Malibu – that iconic stretch of Californian coastline which conjures up thoughts of sun, sea, surf and Baywatch.
But wine? A classic vintage is not something which springs to mind when considering the celebrity beach haunt of the Hollywood elite.
However, one of the best kept secrets of this area nicknamed ‘27 miles of scenic beauty’ is its selection of boutique vineyards, which nestle in the beautiful Malibu mountains.
And for those in the know, one of the best spots to try some of the most stunning vintages homegrown in the area, is Cornell, the intimate winery and tasting room located in a hideaway village of the same name.
Cornell Winery and Tasting Room – a rich history
The passion project of Tim Skogstrom, he turned his back on the daily grind of a corporate job, redeveloping the old general store and post office, which was falling down, and converted it into a veritable haven for wine lovers.
Tim opened the winery in 2006: “I felt I had lost the passion and romance from my job. I had been working for one of the biggest wine sellers in the world, but I was searching for something more.
“When I got here, the site was derelict and the building was being used for storage.”
The ramshackle plot was originally owned by Tom and Barbara Runyon, and their son Morgan.
They moved out to Malibu in 1969, with plans to open an equine resort, back when the area was farming land and nicknamed ‘Malabama.’
If the name seems familiar, the family also owned Runyon Canyon, the network of hiking and dog walking trails in the Hollywood Hills which is much loved by celebrities.
Tim says when he came on board, Tom and Barbara had originally wanted to make wine, but faced structural problems with the building: “The floor of the building was too high and they realized it would be a debacle to renovate, so I decided to sell instead.”
Tim’s boutique wine business was born.
A selection of Malibu wines that are hard to beat
He has successfully created a place for wineries to sell their wine who have no branding, no marketing and no big bucks behind them: “We will put the wines up against wines that are of like style.
“There’s not a lot of space for vineyards in Malibu, a lot of them are tiny, with only a few hundred vines.
“I have been able to vet 20 of the 50 as being commercially viable. Ten of them I would take around the world.
“When you tell people the wine if from Malibu, they say, ‘What, like Baywatch?’ “They are always surprised.”
Referring to the mountains as “the lungs of LA” Tim says the region produces a range of syrahs, chardonnays, pinot noirs and cabernets which are second to none and unique in flavor thanks to the grapes close proximity to the ocean.
A step back in time…
Visitors to Cornell Winery take a step back in time as they enter the wooden building.
The cosy but light and airy space has an eclectic mix of décor with paintings and nick nacks side by side with the delectable vintages on offer.
Glance upwards and two cars from a children’s fairground ride hang from the ceiling, a nod to the history of the area: “They used to be part of LA’s very first amusement park – Lake Enchanter, which was located just across the road. When it opened it had a pool which could hold 2000 people,” Tim revealed.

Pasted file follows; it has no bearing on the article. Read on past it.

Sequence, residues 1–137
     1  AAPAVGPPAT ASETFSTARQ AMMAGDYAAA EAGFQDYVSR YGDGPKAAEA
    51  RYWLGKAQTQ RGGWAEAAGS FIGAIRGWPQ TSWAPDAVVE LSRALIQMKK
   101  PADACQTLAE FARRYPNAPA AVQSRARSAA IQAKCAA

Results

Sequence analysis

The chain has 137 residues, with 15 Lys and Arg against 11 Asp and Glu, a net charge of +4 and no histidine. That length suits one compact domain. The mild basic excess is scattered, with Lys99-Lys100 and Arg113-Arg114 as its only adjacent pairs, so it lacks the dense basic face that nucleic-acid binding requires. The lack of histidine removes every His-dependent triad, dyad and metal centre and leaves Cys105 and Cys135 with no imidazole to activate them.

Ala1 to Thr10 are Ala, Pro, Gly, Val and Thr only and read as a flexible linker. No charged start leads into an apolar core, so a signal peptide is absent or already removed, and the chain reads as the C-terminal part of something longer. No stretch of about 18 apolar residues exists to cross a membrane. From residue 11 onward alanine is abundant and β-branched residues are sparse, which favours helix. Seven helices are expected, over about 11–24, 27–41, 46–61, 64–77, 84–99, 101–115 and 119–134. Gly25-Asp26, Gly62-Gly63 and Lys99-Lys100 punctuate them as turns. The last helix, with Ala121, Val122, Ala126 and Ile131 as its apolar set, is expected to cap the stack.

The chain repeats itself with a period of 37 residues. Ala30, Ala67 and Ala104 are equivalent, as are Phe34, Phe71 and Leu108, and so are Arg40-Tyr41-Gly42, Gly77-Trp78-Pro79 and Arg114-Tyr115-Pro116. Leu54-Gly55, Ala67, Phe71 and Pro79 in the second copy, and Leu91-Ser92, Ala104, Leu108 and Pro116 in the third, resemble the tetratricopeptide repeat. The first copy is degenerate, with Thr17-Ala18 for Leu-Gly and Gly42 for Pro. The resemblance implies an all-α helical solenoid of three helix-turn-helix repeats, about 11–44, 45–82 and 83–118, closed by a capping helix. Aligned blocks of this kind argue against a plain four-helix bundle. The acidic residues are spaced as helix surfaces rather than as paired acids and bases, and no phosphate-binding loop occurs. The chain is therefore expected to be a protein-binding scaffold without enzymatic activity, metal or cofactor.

“Disney got it shut down The cars had been stuck in Alaska for 60 years and we rescued them.”
The Old Place
The site also features iconic restaurant The Old Place, which has one of the toughest table turn around policies in LA and a no nonsense attitude when it comes to a celebrity or awkward guest.
Tim revealed the stiff policy is a hand me down from the former owners: “Barbara was known as the steak nazi.
““She would insist they could only open if there were four people who wanted to eat.
“If you returned your steak for any reason she would take your steak and not come back.
“Food critics would rave about the food but say it was the worst customer experience they ever had.”
This is the steakhouse that time forgot – and it is all the better for it.
Everything is cooked on an open fire, from the fish of the day to the beef stew and the restaurant has no freezer.
With a nod to the locales film roots, it is right near Malibu Lake, where B role was filmed for Gone With The Wind.
And Steve McQueen’s favoured diner, The Rock Store, is a five minute drive.
A place of pilgrimage for motorcycle enthusiasts, the café usually has some high end Harley’s parked out front.
Ali MacGraw, Jason Robards, Sam Peckinpah, Sam Elliott, Katherine Ross, Bob Dylan are just a few of the famous faces who made the area their hangout of choice.
Where the celebrities like to hang out in private
However it is still hard to believe the bright lights of Tinseltown are a matter of miles away.
But Tim says you are never far removed from it: “Britney Spears likes to hang out here, and Pink loves it, she comes here quite a lot.
“Eric Clapton had his birthday here a few years ago – I rang round my friends and asked them if they wanted to bar back, and said it would cost them $1000! It was a great night.”
Take one look at the parking lot and the Ferraris and Porches are a not so subtle reminder of the kind of money some of his clientele make in the film industry.
However Tim says ego is left firmly at the door when people come to the restaurant: “The Old Place has sittings and you have to leave when your time is up.
“You can imagine the little Beverly Hills princess who shows up saying, ‘I’m not done.’ But those are the rules.”
And Tim’s last resort for the irate stressed out customer? A walk with his dog Mali: “I say go take my dog outside for five minutes he is here to take your stress and anger out of you.”
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This article first appeared in EgoReview Los Angeles.